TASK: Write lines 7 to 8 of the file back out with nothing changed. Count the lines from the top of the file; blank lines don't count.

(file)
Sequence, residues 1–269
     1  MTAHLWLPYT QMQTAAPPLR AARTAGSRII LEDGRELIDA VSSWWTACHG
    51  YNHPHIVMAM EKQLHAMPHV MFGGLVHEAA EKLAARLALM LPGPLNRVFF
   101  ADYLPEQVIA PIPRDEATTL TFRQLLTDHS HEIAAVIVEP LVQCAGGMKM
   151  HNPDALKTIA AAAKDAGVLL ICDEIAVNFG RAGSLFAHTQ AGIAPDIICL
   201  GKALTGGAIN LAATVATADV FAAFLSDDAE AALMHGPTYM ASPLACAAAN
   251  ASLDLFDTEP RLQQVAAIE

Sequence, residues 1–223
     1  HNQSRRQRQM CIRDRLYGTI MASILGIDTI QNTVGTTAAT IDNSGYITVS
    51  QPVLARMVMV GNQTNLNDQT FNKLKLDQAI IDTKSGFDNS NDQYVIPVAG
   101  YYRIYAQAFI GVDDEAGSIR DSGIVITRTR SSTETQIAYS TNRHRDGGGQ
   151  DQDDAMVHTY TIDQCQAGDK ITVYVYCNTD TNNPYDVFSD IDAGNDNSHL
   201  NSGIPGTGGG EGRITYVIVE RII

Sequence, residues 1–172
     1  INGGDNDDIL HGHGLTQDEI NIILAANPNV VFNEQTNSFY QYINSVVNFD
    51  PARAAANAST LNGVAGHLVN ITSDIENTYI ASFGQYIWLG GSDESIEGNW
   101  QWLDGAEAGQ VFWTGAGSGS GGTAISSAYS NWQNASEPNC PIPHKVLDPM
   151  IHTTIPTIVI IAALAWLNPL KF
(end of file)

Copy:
   251  ASLDLFDTEP RLQQVAAIE

Sequence, residues 1–223